On 26 February 2012, VIA Rail passenger train 92, en route from Niagara Falls to Toronto, Ontario proceeding eastward entered a crossover near Burlington, Ontario, and derailed the locomotive and 5 coaches. The locomotive struck a building after it derailed and the locomotive cab was destroyed. Many passengers were injured, and the 3 crew members in the cab of the locomotive were fatally injured.
The Department of Transport require major Canadian passenger and freight railways to implement physical fail-safe train controls, beginning with Canada's high speed rail corridors.
Currently, Canada's major passenger and freight railways rely solely on administrative defences (rules, procedures) to prevent this kind of accident. These defences alone are inadequate for situations where the train crew misperceives, misinterprets or does not follow a signal indication. The Board is calling for physical defences so that if a signal is missed, the train will be stopped automatically.
The Department of Transport require that all controlling locomotives in main line operation be equipped with in-cab video cameras.
The absence of valuable information from in-cab voice and video recorders means there will always be unanswered questions, and represents a lost opportunity. Understanding the environment and interaction between the crew is vital. In order to prevent accidents in the future, we need to understand why the accidents happen.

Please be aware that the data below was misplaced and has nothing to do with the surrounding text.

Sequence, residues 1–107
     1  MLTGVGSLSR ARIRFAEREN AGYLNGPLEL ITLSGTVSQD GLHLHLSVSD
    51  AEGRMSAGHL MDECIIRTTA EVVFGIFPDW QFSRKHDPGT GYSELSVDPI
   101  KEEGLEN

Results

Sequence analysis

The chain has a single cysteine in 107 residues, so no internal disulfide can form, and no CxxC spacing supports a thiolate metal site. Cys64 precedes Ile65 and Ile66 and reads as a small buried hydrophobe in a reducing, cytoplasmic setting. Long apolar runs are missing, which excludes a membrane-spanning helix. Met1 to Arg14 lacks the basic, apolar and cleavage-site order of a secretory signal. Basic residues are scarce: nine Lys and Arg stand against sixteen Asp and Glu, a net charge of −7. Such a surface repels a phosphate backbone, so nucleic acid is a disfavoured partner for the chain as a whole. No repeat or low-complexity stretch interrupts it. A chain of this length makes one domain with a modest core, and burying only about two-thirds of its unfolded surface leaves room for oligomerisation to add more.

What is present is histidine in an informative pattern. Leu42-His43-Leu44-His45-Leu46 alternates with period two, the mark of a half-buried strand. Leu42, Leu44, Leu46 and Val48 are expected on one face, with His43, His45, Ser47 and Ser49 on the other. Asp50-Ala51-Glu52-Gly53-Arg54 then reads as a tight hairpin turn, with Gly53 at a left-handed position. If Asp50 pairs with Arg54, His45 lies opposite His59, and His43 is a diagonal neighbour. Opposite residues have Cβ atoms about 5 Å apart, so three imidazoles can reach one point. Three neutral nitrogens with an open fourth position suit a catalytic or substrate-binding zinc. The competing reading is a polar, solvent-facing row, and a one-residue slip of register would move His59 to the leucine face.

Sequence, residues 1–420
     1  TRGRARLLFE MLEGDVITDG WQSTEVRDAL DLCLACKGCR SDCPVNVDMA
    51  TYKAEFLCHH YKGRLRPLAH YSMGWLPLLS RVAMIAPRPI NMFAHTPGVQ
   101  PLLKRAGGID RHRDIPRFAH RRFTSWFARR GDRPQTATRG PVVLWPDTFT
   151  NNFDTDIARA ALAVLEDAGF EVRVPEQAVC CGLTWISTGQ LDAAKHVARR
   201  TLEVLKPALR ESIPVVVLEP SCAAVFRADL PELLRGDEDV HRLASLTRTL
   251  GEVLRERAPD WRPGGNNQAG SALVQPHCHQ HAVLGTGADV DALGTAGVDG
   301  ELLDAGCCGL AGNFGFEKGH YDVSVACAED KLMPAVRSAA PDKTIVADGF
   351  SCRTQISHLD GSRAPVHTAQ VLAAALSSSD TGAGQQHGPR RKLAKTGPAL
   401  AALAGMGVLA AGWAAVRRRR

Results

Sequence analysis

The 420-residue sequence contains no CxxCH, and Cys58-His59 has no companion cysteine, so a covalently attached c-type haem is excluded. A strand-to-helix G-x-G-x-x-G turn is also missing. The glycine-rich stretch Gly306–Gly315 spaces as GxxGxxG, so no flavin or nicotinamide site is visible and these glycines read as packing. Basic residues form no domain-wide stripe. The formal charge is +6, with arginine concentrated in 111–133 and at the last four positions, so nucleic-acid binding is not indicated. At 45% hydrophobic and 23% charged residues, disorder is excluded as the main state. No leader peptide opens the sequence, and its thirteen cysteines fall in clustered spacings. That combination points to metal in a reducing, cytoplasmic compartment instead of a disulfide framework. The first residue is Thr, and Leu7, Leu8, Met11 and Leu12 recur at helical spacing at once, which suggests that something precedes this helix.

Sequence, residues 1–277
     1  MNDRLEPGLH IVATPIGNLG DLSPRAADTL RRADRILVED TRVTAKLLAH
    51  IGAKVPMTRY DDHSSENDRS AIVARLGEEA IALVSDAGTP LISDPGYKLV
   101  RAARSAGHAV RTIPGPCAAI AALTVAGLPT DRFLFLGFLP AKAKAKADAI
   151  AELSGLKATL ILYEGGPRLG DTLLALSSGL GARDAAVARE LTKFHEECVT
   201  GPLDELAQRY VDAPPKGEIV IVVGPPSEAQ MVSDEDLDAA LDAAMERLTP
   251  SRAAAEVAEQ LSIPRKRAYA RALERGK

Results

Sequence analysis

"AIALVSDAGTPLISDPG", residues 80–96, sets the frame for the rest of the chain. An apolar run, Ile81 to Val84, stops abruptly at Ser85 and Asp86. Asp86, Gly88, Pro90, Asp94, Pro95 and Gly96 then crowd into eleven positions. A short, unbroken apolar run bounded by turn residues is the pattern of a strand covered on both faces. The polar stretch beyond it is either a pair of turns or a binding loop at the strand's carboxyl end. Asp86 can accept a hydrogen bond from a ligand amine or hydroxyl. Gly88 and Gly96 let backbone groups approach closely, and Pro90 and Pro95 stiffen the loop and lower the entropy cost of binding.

The Department of Transport require that crashworthiness standards for new locomotives also apply to rebuilt passenger and freight locomotives.
Currently, there is no requirement for rebuilt locomotives to meet standards for crashworthiness—only new locomotives. Many locomotives may be susceptible to cab structural, fuel tank and other failures during derailments. This includes over 90% of freight and passenger locomotives in Canada.
Under the Canadian Transportation Accident Investigation and Safety Board Act, federal ministers must formally respond to TSB recommendations and explain how they have addressed or will address the safety deficiencies. As of 11 June 2013, the Minister of Transport has 90 days to respond to recommendations put forth in investigation R12T0038.
Using an Assessment Rating Guide (which includes definitions for the status of recommendations), the Board evaluates the responses and their overall effectiveness. Each response is assessed as Fully Satisfactory, Satisfactory Intent, Satisfactory in Part or Unsatisfactory. Progress made to address TSB recommendations is assessed by the Board on an ongoing basis.